There's some nice crater detail on yours, in comparison.

6834720033_a5d5e235f6_b.jpg

Share this post


Link to post
Share on other sites

Nice pic, something I wouldn't mind getting into myself one day.

One of my mates text me last night saying there should be something to look at in the sky, planets in alignment or something? alas it was too cloudy to see anything.

Share this post


Link to post
Share on other sites

That's a lovely shot. The scope is x380 magnification without an eyepiece (with one it's obviously much greater depending on the focal length) so there's an obvious and unfair advantage there in the photograph. Looking at the Moon without the camera, and say a 20-32mm eyepiece, the detail is much, much, much greater. Very close views on even the smallest of craters (depending on light pollution, temperature haze etc on the night). It'll give pristine views of Jupiter and its moons no problem at all on the right night, and Saturn too (which is a quite staggering sight and easily the most impressive in our solar system).

I've had motor problems with the mount recently so I'm sending that away for replacement (fortunately they'll replace FOC under warranty). You can go really silly on them and mine is a reasonably mid-range set up by comparison to many that are much more seriously into astronomy. There is a new Celestron model out with what they call Edge HD optics and with an 11" diameter lens and the views from that are simply incredible.

So is that image of yours taken with the lens at 300mm and no scope? What length of exposure did you have to use on that?

Share this post


Link to post
Share on other sites
Nice pic, something I wouldn't mind getting into myself one day.

One of my mates text me last night saying there should be something to look at in the sky, planets in alignment or something? alas it was too cloudy to see anything.

Venus and Jupiter in alignment (the serious folks call it 'conjunction') with the crescent moon a few days ago. A very nice sight indeed.

In mid-march Venus and Jupiter will be only 3 degrees apart and there'll be thousands of amateur astronomers trying to get them both in shot.

Share this post


Link to post
Share on other sites

Thanks - I can just see the bank balance diminishing if I carry on reading.

Here's some info copied from the flickr description:

RAW mode

Full Manual

Manual Focus

300mm

ISO 100

f/16

1/30

Mirror lock-up enabled

Adobe Camera RAW to bring out surface details - some settings:

Fill Light 0

Blacks 50 # this adds nice contrast

Brightness +50

Contrast +50

Clarity +100 # pulls out surface details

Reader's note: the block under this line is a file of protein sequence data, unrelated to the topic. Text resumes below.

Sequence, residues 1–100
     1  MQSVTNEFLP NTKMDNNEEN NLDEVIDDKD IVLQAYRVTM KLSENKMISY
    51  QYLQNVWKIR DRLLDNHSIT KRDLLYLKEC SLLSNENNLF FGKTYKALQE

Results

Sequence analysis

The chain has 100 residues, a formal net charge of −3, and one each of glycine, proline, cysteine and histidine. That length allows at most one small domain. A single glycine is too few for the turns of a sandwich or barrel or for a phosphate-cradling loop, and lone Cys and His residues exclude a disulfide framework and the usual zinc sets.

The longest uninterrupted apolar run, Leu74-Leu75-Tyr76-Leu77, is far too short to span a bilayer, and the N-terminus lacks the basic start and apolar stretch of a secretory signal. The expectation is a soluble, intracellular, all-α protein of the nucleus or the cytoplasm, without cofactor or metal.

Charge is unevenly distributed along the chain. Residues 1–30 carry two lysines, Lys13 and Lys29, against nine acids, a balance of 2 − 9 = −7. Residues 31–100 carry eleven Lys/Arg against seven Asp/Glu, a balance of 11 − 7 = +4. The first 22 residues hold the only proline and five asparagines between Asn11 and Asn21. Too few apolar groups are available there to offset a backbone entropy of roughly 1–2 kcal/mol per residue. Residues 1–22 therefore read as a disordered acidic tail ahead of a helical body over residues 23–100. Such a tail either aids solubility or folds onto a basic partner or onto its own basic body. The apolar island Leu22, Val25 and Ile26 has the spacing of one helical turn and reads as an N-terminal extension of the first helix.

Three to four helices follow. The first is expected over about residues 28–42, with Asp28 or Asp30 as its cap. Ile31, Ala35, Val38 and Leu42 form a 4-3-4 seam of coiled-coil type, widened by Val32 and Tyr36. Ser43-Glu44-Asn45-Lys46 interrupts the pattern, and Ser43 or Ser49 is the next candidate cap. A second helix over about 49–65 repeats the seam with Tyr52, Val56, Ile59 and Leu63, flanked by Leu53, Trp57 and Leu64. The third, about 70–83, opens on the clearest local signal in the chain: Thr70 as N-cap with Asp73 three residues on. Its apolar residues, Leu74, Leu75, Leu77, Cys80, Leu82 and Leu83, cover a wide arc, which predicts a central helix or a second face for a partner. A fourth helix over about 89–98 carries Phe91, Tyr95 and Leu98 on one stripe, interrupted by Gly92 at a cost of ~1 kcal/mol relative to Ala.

Vibrance & Saturation 0

Share this post


Link to post
Share on other sites

Thought it must have been at 300mm. I think you've done very well to get it on a 300mm lens with 1/30th exposure. I know the MLU will have helped stability but thats still a hell of a lot of potential shake that you've avoided. Really nice that.

Mine are both RAW images. The aperture of the scope is f/8. You have to use the scope to focus and you can't see the image on the camera display - only through the eyepiece of the camera, so it takes a bit of time and trial and error to get a reasonably good focus.

I know it doesn't look it but that Mars shot is technically far superior to the Moon because of the distance/size. Mars is an awkward little bugger of a planet to watch, never mind photograph. I've been trying to get something like that shot for about 3 months now. It's actually much easier to observe Jupiter because it's so damned bright.

Share this post


Link to post
Share on other sites

Another couple from the same 6pm series of shots:

You can see the difference in focus from the top of the Moon compared to the lower section - mainly due to sodding light pollution tonight (that's my excuse anyway).

attachment.php?attachmentid=45727&d=1330552878

Next one..

attachment.php?attachmentid=45728&d=1330553042

Last one...

attachment.php?attachmentid=45729&d=1330553176

post-6775-137914480378_thumb.jpg

post-6775-137914480372_thumb.jpg

post-6775-137914480365_thumb.jpg

Share this post


Link to post
Share on other sites

Decided to have a go at my own moon shot, half a bottle of vodka later it was surprisingly easy ;)

post-15559-137914480384_thumb.jpg

Share this post


Link to post
Share on other sites
Thought it must have been at 300mm. I think you've done very well to get it on a 300mm lens with 1/30th exposure. I know the MLU will have helped stability but thats still a hell of a lot of potential shake that you've avoided.

Yes - the mlu is definitely helpful - I've also got an infrared shutter release - so nothing is touching the camera.

Speaking of celestial bodies - here's an HDR I've just uploaded - recently taken at Center Parcs (Notts) looking over the main lake:

6795930404_ac4d2ed308_z.jpg

Share this post


Link to post
Share on other sites

Create an account or sign in to comment

You need to be a member in order to leave a comment

Create an account

Sign up for a new account in our community. It's easy!


Register a new account

Sign in

Already have an account? Sign in here.


Sign In Now
Sign in to follow this  
Followers 0